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Accessing Data on Your Test Box

This page very briefly describes how you can access the data taken with the test box at your site. The data formats are still preliminary and may chance without notice.

There are two ways to access the data:

  • By listening to a port on the machine.
    This method gives you access to the delay and routing information within seconds after it has been take. However, as we explained in the TTM RIPE Document, an individual test-box only has access to the results of the incoming delay measurements and the outgoing routing vector determinations.
  • By copying the data-files generated on your machine.
    This method will give you access the results of both incoming and outgoing measurements. However, the data first has to be collected at a central point and processed, so there will be a delay before the data is available.

The local data port

Before you can access the data, your machine(s) has to be added to a local configuration file. There is no official procedure for this (yet), for the time being, simply email us the IP address (range) of your machine(s).

A server will be started as soon as the machine starts data-taking. To listen to the server, type:

telnet test-box 9142

where test-box is the name or IP-number of your test-box.

If the test-box is taking data, then you will see something like this appear on your screen, updated about once a second:

RCDP 10 2 129.125.6.13 1197 193.0.0.2 6000 892652515.866538 0.009550 0X107 0X107 892652515
RCDP 10 2 193.0.0.4 2185 193.0.0.2 6000 892652526.730175 0.000265 0X107 0X107 892652526
SNDP 9 892652524 -h tt06.ripe.net -p 6000 -n 100 -s 892652524
RCDP 10 2 193.0.0.4 2189 193.0.0.2 6000 892652539.938796 0.000286 0X107 0X107 892652539
RVEC 13 193.0.0.2 129.125.6.13 892733035 9 193.0.0.14 193.0.0.54 193.0.0.244 193.148.15.34 145.41.8.102 145.41.7.29 145.41.7.54 145.41.81.130 129.125.6.13
... 50966 44933.180 127.127.20.0 $GPGGA,121709.00,5222.4269,N,00453.3363,E,0,03,,222.1,M,46.7,M,,*43
50966 44934.120 127.127.20.0 $GPGSA,A,1,,03,,,21,,,31,,,,,,,*1C
50966 44934.260 127.127.20.0 $GPGSV,2,1,05,03,78,135,19,21,57,125,20,22,17,179,,23,44,065,*72
50966 44934.340 127.127.20.0 $GPGSV,2,2,05,31,55,292,10,,,,,,,,,,,,*46
50966 44934.420 127.127.20.0 $GPZDA,122854.00,02,06,1998,00,00*63
...

Lines can either start with a 4-letter identifier followed by one or more numbers and a carriage return to terminate it, or by 2 numbers, a fixed IP address (127.127.20.0) and a string. The formats are explained here for the lines starting with a 4 letter identifier and here for the other strings. Data will appear on your screen until you type control-].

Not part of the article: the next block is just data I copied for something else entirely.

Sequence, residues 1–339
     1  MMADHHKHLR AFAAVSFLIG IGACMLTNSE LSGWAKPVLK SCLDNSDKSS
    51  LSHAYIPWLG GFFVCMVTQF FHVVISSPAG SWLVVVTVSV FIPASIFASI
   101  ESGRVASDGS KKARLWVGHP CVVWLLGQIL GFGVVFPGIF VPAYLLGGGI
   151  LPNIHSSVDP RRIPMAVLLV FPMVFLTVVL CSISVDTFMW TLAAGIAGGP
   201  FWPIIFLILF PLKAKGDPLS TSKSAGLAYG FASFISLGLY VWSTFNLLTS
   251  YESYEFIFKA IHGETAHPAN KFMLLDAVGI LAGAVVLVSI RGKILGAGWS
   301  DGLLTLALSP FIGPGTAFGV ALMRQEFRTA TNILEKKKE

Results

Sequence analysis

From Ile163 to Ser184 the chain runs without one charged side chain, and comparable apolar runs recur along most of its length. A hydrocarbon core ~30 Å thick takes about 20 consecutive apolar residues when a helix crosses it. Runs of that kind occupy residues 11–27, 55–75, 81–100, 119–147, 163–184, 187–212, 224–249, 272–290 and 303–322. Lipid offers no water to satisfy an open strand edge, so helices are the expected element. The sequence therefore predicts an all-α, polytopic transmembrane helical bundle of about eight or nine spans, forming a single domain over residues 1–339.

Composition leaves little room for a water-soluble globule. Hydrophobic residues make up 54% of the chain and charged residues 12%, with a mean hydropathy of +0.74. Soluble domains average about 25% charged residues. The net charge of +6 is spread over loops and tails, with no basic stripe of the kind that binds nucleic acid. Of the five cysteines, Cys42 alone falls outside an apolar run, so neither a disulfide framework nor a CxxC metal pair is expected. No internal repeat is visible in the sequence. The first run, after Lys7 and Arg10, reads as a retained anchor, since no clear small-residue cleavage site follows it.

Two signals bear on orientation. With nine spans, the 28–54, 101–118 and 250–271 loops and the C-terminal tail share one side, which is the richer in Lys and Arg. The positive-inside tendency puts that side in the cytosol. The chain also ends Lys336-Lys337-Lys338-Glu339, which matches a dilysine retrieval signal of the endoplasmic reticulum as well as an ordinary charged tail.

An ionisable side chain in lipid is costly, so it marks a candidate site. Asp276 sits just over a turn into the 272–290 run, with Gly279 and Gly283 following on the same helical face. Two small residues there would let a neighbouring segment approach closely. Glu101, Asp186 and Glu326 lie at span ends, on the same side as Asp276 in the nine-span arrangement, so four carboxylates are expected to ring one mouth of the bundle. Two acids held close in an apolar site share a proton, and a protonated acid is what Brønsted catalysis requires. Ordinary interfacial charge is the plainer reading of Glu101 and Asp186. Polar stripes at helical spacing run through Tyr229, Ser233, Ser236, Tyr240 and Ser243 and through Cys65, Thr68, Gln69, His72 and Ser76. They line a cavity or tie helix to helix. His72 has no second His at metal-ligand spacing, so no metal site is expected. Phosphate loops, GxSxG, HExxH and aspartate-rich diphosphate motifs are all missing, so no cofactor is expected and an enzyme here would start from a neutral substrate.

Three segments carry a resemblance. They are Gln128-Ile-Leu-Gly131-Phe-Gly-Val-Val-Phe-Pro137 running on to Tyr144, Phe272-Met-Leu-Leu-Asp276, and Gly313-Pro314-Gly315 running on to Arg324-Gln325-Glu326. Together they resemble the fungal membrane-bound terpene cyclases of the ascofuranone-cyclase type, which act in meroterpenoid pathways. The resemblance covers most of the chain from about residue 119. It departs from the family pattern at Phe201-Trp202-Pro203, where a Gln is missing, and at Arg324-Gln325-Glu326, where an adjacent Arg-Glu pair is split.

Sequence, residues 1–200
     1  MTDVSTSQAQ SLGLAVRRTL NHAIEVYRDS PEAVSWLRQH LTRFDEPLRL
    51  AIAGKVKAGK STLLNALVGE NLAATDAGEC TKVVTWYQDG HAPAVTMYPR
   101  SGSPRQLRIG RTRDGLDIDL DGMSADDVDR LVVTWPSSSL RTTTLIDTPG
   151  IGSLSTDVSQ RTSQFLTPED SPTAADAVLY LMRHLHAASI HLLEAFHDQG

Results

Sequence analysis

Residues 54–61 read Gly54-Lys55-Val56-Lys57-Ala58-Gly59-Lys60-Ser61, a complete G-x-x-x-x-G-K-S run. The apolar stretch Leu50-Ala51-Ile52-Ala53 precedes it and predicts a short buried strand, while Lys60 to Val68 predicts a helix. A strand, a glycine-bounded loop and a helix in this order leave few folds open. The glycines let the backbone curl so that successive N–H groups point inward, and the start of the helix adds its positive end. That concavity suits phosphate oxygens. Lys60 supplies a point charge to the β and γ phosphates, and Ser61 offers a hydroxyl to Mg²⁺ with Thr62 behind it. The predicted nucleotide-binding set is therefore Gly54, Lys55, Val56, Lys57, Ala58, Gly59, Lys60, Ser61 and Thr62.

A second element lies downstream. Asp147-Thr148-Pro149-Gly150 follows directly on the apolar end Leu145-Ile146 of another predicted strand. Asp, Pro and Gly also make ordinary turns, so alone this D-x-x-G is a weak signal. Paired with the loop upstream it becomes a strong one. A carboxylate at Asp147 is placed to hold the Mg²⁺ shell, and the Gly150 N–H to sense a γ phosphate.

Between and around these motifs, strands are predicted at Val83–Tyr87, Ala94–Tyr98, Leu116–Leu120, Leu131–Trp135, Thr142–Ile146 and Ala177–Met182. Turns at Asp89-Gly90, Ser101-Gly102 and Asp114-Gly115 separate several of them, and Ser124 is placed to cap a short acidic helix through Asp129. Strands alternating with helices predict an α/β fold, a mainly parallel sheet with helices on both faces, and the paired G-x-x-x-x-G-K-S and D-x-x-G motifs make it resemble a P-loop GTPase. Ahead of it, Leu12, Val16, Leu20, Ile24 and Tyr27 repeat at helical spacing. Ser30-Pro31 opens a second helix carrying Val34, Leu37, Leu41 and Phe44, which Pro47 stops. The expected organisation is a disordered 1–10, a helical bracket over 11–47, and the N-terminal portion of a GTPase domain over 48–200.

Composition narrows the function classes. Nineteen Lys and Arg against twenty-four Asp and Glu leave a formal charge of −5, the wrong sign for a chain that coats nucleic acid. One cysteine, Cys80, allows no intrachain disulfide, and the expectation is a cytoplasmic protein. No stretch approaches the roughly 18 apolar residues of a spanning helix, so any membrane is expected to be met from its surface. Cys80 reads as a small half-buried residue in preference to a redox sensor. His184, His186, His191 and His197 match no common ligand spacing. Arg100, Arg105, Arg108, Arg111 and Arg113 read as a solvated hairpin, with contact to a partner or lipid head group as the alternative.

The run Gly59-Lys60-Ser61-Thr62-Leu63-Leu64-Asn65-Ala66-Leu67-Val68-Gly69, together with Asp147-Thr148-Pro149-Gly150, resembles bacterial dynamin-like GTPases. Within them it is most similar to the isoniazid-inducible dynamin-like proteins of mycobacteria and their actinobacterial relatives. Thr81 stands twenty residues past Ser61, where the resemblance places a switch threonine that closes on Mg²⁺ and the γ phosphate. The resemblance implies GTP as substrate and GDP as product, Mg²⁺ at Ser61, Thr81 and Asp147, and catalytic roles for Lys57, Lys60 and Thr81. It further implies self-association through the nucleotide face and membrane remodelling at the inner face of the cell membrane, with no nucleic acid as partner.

If the test-box isn't taking data, then you will see something like:

telnet: Unable to connect to remote host: Connection refused

Interpreting the strings

Lines starting with a four-letter keyword are generated by one of the data-taking processes on the machine. The keyword is followed by an integer indication the number of fields that will follow and 0 or more data fields. Fields are separated by spaces. A new line will be written whenever a data collection process produces output. Currently three keywords have been defined:

  • SNDP (SeND Packet), nine data-fields:
    1. Time that the packet was sent (seconds since Jan 1, 1970 using the Unix time conventions).
    2. -h (fixed, will disappear soon)
    3. Destination of the packet.
    4. -p (fixed, will disappear soon)
    5. Port number on destination machine.
    6. -n (fixed, will disappear soon)
    7. Message length in bytes.
    8. -s (fixed, will disappear soon)
    9. Sequence number of the packet.
  • RCDP (ReCeiveD Packet), 12 data-fields:
    1. Version number of output format (1 or 2)
    2. IP address of the host that sent the packet.
    3. Port of the host that sent the packet.
    4. IP address of the host that received the packet.
    5. Port of the host that received the packet.
    6. Arrival time (seconds since Jan 1, 1970) at the receiving machine.
    7. Delay, time needed by the packet to travel from source to destination (seconds).
    8. NTP status bits of sending host, should be 0x107 for a valid measurement.
    9. NTP status bits of receiving host, should be 0x107 for a valid measurement.
    10. Sequence number of the packet. (Version 2 only).
    11. NTP error estimate for the clock on the sending machine.
    12. NTP error estimate for the clock on the receiving machine.
  • RVEC (Routing VECtor), variable number of data-fields:
    1. Start point of vector (IP address).
    2. End point.
    3. Time that the vector was determined.
    4. Number of intermediate points.
    5. IP address of first intermediate point.
    6. IP address of second intermediate point.
    7. ...

Please note that this is a preliminary format and that fields may be dropped or added on short notice.

Interpreting the GPS Strings

Lines starting with two numbers and an IP-address (usually 127.127.20.0 or 127.127.31.0) are produced by the GPS receiver. They give the current status of the GPS receiver and are produced about once every 64 seconds. The format depends on the type of receiver that you have:

Note:

  • The receiver needs time to respond to a change in the antenna position, from approximately 1 minute if it is moved by half a meter to approximately 30 minutes if it gets a complete new view of the sky.
  • This information is only available after we have switched on the Test Traffic software. We can only do this after the machine is on the net.